While at Texas Antiques Week in Warrenton last month with LeAnn Stephenson, The Vintage Laundress, I found this wooden box of recipes that I couldn't resist. I think I paid 50 cents for this treasure trove of goodness packed with newspaper clippings and handwritten cards touting instructions for making everything from New England Hermits and Perfect Biscuits to Hilda's Peppermints and Skillet Chocolate Dumplings.
Now why is it that any dish with the word skillet in it always sounds more delicious?
Well my mom was on the skillet bandwagon years ago when she discovered Busy Day Skillet. This dish appeared on our table during the energy crisis of the 1970s when inexpensive cuts of beef were all the rage. (Remember the opener of "The Mary Tyler Moore Show" where she is at the meat counter, rolls her eyes at the price of a steak, and tosses it into her cart? I am sharing a clip in case your TV memory doesn't go back that far.)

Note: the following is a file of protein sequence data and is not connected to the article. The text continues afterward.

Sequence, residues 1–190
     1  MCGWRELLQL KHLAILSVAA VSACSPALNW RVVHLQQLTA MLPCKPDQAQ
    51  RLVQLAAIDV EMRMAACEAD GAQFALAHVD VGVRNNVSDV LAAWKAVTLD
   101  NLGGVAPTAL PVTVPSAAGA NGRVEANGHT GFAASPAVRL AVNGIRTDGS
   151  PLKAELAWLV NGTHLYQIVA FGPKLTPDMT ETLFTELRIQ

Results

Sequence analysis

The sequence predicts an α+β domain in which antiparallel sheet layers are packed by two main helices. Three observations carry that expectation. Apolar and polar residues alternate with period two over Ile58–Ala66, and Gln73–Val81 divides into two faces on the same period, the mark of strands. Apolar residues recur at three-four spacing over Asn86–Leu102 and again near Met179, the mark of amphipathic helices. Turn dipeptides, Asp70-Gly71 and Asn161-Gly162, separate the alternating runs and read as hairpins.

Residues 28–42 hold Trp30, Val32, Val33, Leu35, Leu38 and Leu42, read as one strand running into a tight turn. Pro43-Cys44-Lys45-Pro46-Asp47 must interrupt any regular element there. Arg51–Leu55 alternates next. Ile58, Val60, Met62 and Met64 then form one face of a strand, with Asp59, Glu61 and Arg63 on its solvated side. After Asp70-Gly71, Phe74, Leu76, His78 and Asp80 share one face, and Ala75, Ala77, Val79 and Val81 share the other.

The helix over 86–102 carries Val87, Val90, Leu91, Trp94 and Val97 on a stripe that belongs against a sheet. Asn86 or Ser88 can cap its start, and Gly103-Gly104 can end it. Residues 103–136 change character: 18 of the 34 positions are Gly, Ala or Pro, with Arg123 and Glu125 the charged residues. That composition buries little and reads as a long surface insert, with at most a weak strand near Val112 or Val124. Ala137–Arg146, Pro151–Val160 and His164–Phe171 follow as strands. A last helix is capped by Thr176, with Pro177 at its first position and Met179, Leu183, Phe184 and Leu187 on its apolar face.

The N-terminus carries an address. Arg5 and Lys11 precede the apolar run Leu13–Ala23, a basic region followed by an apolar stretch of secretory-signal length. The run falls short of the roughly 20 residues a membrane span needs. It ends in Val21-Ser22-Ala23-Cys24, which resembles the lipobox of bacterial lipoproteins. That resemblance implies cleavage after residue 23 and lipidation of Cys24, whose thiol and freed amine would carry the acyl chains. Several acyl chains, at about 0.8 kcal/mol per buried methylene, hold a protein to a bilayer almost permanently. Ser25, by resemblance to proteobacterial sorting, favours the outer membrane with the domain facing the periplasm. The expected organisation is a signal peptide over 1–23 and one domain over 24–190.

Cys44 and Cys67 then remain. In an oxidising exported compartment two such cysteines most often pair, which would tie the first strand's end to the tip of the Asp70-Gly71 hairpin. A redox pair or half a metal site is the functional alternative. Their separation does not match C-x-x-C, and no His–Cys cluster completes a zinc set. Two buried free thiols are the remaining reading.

Basically, this dish is a macaroni, canned tomatoes and ground beef concoction, easy to make, quite tasty and very filling. But after months of savoring this this thrifty culinary invention, one day it took a turn. from then on, it often contained mismatched noodles, odd vegetables such as green beans, or maybe even a few stray kernels of canned corn. As mealtime neared, my sister and I would ask, "Mom, what's for dinner?" "Ooooh, it's Busy Day Skillet," she'd respond brightly.
Being a frugal and resourceful mom who always had dinner on the table even though she was a teacher during the day, her Busy Day Skillet was souped up with whatever might remain in the fridge -- extra spaghetti sauce, a Tupperware container of beef stew, maybe a few cooked potatoes or a even dash of rice. Basically it was leftovers wrapped in a cheery disguise -- a working mom's veritable Busy Day Skillet!